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Petrol shortage in the UK: Is Brexit or panic buying to blame?



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The UK is facing fuel shortages and in spite of placatory words and excuses from the authorities, tensions are rising. Confrontations, sometimes violent, have taken place on the forecourts of petrol stations. BP (British Petroleum) says a third of its pumps have run dry of popular grades. The Transport Secretary Grant Shapps blames the shortage on HGV drivers: the fuel cannot be delivered to the pumps quickly enough. There is a shortage of some 100,000 drivers across the UK.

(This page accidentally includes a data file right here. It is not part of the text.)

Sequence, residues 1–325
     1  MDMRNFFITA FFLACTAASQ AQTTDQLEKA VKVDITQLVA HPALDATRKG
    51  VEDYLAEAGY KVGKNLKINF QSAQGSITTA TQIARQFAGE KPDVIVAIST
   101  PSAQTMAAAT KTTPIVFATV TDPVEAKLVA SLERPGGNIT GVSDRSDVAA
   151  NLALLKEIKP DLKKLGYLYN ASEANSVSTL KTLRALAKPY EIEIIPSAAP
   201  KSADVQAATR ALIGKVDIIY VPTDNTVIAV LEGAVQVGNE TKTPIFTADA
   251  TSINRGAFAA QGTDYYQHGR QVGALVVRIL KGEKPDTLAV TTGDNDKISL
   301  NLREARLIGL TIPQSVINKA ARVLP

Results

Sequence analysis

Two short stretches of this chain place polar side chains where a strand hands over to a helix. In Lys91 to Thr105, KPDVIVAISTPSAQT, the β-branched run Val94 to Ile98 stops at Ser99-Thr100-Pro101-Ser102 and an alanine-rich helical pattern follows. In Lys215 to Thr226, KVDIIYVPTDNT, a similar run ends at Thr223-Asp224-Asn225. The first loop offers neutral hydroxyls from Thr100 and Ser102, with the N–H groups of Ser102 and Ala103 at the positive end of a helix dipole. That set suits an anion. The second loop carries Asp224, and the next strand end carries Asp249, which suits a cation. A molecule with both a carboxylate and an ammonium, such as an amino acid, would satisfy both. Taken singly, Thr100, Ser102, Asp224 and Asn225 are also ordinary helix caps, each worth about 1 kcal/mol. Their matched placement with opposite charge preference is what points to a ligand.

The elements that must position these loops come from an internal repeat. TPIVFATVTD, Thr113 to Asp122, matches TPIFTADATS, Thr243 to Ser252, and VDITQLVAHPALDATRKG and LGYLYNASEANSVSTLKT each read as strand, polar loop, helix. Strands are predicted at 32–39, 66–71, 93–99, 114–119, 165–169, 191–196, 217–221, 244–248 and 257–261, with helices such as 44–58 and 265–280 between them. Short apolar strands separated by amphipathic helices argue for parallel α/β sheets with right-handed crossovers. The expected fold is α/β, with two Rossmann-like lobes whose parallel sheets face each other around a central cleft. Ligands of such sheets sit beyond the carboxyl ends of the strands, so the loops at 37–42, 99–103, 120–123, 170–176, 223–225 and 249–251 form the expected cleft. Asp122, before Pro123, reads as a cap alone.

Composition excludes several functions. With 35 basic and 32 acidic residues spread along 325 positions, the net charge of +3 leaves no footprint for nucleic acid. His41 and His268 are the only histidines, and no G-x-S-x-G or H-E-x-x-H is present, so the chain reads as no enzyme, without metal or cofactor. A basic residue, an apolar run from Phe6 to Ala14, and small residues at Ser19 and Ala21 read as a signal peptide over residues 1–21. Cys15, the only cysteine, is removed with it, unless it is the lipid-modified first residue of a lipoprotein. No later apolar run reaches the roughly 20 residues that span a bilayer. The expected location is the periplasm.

The Road Hauliers Association blames an ageing workforce, with drivers taking retirement before the younger drivers are qualified. Indeed, some 40,000 HGV tests have been cancelled during the continuing Covid-19 pandemic. Three weeks ago, the Confederation of British Industry warned that the UK must relax its new rules and make it easier for EU drivers to work on British roads to stem the supply shortfall.

Brexit is being blamed by many for the current situation.  And it’s not just petrol. Supermarkets, too, are being affected and energy bills are soaring. The Financial Times has urged Boris Johnson to use his own franglais term and “prenez un grip”: get a grip, as his reshuffled cabinet is less and less seen to be “taking back control”. 



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